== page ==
Building Java Client/Server Applications with TCP. Part 4

Our last article in the series. This time we look at the greeting client-server program.

The greeting client-server program

We’ll also present a greeting program, that emulates a communication protocol between a client and a server.

The server will start on a given port and wait for the connection of a client. It will read the greeting of the client and answer to it. This is how the server code looks like:

greeting client-server program 1.JPG
greeting client-server program 2.JPG

In order to use this program, you have to pass one argument to it: the port.

The client will start and try to connect to a given server on a given port. It will send a greeting to the server, receive the answer, then stop its execution. This is how the client code looks like:

client code.JPG

In order to use this program, you have to pass two arguments to it: the server and the port.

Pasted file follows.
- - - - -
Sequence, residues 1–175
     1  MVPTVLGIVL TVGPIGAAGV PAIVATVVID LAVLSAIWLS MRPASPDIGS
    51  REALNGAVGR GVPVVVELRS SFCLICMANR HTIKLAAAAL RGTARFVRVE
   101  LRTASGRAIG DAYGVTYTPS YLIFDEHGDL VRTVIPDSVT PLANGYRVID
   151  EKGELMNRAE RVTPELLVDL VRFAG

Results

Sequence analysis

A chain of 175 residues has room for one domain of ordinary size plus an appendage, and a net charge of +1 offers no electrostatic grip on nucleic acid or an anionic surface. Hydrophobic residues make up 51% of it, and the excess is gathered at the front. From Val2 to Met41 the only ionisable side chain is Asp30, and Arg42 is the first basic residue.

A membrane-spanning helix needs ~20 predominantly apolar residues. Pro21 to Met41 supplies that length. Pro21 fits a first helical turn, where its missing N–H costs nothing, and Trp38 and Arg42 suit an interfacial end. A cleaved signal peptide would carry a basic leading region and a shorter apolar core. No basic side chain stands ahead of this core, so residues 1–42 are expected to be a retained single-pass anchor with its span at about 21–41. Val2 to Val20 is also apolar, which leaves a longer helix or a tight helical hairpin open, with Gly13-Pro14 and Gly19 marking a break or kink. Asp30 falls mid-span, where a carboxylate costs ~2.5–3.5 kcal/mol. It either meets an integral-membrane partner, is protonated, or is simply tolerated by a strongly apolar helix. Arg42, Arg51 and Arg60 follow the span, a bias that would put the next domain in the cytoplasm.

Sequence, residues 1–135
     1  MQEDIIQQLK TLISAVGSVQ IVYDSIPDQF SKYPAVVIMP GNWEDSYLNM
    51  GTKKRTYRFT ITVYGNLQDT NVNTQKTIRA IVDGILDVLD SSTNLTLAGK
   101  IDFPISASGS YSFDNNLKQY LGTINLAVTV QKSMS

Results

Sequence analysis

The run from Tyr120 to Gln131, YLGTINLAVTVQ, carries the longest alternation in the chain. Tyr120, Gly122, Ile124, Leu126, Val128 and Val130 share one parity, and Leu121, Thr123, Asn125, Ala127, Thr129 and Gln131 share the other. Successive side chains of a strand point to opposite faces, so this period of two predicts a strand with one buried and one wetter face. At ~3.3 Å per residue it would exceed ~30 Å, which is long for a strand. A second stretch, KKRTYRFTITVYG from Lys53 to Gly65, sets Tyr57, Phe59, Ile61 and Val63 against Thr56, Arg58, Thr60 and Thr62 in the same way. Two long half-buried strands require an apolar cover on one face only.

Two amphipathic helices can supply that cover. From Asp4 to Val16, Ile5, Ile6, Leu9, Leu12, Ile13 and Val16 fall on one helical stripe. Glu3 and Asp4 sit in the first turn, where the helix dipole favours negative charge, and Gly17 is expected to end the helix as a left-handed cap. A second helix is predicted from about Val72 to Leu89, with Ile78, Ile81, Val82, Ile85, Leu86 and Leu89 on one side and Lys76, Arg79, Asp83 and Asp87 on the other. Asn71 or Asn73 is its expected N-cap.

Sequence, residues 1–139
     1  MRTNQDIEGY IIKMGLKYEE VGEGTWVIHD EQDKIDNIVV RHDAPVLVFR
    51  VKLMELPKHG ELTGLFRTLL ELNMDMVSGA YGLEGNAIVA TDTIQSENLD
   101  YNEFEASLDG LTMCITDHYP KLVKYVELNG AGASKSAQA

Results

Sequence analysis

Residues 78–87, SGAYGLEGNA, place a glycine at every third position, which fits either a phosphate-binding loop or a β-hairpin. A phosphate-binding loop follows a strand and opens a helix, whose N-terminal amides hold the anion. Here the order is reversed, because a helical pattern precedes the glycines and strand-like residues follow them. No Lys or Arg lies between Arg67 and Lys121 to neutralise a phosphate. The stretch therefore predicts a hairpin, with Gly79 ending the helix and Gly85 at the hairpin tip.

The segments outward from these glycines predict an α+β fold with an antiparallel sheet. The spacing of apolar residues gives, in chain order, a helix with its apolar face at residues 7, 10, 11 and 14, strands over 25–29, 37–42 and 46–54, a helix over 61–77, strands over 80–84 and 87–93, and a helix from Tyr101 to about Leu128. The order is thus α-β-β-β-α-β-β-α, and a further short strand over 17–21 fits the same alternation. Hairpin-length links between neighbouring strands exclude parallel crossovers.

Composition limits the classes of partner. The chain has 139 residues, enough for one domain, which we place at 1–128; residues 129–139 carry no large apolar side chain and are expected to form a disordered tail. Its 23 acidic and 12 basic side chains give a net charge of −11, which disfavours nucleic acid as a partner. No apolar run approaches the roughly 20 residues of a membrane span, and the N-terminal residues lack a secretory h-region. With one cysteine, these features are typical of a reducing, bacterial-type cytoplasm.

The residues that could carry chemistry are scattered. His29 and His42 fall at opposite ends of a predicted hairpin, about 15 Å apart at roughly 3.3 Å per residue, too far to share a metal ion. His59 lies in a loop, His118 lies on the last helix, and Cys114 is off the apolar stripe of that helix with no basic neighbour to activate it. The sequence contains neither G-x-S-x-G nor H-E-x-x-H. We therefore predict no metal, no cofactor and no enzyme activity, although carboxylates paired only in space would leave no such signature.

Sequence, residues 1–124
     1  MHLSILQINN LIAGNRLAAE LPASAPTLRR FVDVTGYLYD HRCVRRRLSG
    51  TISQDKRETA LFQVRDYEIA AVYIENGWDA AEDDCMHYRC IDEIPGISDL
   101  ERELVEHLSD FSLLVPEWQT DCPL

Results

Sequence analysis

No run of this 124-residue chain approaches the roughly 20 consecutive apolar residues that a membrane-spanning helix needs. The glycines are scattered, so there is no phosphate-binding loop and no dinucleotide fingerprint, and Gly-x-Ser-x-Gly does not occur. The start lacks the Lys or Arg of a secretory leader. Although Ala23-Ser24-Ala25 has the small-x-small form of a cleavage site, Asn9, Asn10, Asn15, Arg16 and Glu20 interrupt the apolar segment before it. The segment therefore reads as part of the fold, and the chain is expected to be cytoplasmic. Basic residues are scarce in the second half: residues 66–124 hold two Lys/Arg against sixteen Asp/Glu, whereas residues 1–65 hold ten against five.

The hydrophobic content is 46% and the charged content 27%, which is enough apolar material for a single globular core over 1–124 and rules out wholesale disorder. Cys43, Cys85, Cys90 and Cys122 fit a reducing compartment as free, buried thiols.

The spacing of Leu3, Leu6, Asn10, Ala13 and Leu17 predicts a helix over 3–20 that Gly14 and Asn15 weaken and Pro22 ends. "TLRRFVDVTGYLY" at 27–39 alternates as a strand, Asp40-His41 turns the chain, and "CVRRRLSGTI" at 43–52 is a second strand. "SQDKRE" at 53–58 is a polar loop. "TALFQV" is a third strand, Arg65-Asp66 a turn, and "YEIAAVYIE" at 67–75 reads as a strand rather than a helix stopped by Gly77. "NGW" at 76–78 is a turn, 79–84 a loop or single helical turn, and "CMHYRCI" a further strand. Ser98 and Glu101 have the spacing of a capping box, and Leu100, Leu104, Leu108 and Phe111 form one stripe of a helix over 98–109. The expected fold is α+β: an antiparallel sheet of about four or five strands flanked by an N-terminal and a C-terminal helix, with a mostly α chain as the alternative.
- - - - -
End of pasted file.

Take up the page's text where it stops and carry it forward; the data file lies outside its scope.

This is the result of running these programs with the argument “6066” on the sever side and with the arguments “localhost 6066” on the client side.

localhost 6066.png

The server side

localhost 6066 client side.png

The client side


Java provides a convenient API to build client-server applications. We have started with explanations regarding the functionality of the TCP protocol, then moved to the introduction of the essential Java socket classes. We have presented two simple programs that use sockets: the port scanner and the greeting client-server program. The principles of communication trough TCP from Java are embedded into these examples. From here, one can build his own applications that use a particular communication protocol.

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Catalin Tudose
Java and Web Technologies Expert

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